A Paradigm Shift
Last October, Jane Hart unveiled her “Top Tools for Learning” for 2018. The results confirmed that more employees are now self-learning and self-serving their training needs than ever before. Today’s employees find their own online resources and courses whenever they need to solve a problem. These resources are not created by L&D but by peers and professionals working in the same field.
There are still some exceptions, like company-specific or confidential information that cannot be found online, but Hart’s list is proof of the paradigm shift taking place today, as L&D continues to move away from the classroom approach, with its classic training resources of slide decks and activity sheets. Those materials were typically hand-crafted by L&D. Today, however, content is increasingly likely to be employee-generated or -curated. The user-generated approach to learning is a silent yet fast-paced and organic revolution that is disrupting conventional, top-down learning approaches. Fundamentally, this approach means giving subject matter experts (SMEs) the power to create and maintain learning content on topics in which they are experts. It harnesses their expertise and enables them to share it with colleagues. This approach is called employee-generated learning (EGL).
To keep pace with the speed at which enterprises must adapt to these changes, L&D faces multiple challenges, including producing more content, more quickly than ever, with increasingly limited resources and smaller L&D teams serving huge organizations. The traditional process of creating courses with SME input and reviews is inefficient, considering how quickly content changes. Despite input from SMEs, it can become impossible for content maintenance to keep up with the speed of business. Even when working with third-party vendors, L&D still faces the long, expensive process of teaching them about products and internal procedures.
The solution is EGL. It’s faster, easier and, in many cases, far more cost-effective. With EGL, individual departments create their own learning content and play an active role in sharing knowledge. As a result, many regional requests can be fulfilled within the teams, unburdening the central L&D team. Empowering employees to create their own training content significantly speeds up the process. To be successful with this approach, the process must be easy to use, while supporting SMEs with in creating effective content. L&D must serve as a strategic consultant, activating a network of SMEs and supporting them to create effective content. Below are L&D’s key stakeholders and their concerns regarding EGL.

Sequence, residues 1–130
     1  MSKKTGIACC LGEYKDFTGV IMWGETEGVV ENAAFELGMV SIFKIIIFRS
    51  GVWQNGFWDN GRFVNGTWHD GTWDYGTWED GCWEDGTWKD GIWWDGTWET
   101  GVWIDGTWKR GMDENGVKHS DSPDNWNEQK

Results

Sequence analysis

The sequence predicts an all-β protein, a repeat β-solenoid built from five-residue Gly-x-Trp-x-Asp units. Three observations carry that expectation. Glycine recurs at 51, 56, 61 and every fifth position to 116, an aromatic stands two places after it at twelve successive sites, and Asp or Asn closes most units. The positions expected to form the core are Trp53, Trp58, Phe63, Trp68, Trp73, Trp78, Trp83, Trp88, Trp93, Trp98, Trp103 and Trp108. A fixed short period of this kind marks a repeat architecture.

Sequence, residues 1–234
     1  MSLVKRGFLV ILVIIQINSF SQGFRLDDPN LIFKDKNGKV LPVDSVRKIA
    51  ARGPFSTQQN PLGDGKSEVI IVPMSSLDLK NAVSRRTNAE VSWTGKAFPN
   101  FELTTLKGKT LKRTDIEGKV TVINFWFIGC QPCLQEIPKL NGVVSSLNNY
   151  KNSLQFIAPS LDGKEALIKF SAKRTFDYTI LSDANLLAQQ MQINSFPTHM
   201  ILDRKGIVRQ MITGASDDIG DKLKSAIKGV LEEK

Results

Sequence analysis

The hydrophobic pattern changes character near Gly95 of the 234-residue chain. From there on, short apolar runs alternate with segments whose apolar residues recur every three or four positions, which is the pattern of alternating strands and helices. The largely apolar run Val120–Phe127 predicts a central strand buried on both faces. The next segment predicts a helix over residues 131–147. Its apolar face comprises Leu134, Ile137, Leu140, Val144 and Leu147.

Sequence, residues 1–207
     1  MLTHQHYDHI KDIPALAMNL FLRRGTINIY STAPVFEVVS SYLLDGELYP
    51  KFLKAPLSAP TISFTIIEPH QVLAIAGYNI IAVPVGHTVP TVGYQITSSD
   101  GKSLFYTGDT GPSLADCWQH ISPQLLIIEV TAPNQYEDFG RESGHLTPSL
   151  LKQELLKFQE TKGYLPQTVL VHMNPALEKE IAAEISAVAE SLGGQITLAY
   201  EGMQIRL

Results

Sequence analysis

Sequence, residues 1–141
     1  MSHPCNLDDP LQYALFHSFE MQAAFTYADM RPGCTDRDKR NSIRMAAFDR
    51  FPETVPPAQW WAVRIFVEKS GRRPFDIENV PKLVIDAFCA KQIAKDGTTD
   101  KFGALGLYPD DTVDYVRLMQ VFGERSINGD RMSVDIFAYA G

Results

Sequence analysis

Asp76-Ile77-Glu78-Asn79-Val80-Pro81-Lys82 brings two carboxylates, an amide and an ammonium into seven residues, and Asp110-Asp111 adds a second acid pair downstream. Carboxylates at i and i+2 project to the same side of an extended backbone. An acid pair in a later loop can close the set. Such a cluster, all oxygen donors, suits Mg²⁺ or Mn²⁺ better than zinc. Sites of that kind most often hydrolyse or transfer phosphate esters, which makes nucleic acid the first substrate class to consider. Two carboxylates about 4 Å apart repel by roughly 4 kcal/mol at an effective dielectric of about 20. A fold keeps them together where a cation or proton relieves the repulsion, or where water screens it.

Business Leaders: Costs and Culture
Concern: “We can make better use of employees’ time instead of getting them to crowdsource content. Will the culture accept this bottom-up approach?”
People tend to accept change when it makes sense and they can see the positive benefit for themselves. L&D must demonstrate those benefits to business leaders and to SMEs. For example, according to research by Robyn Defelice and Karl Kapp, it takes between 42 and 143 hours to create an online course. Similarly, a Chapman Alliance study found that one hour of e-learning material costs between $10,054 and $50,371 to produce. L&D can save a lot of time and money by encouraging SMEs to contribute and share knowledge instead of following the traditional end-to-end cycle of content creation.
Concern: “How can you expect to teach SMEs to be instructional designers when they lack formal education in this area?”
In an EGL system, SMEs don’t have time for training in pedagogy. They have their own jobs to do, and EGL provides a streamlined approach to capturing their expertise. The authoring software must be simple to use, so SMEs can begin creating content right away.
Concern: “I don’t have a lot of time; how long does it take to create an e-learning module?”
It is vital for L&D to make clear to SMEs that full-length online courses are not always the answer to learning needs. A simple piece of informal information or a brief resource might work just as well. EGL dovetails with the SME’s normal working behavior of self-solving on-the-job challenges, without expecting SMEs to become pedagogical experts. This approach assures the busy SMEs of the little time it takes to share their knowledge.
Five Steps to Launching Employee-generated Learning
If you’re interested in designing a successful EGL program for your organization, here are five steps to follow: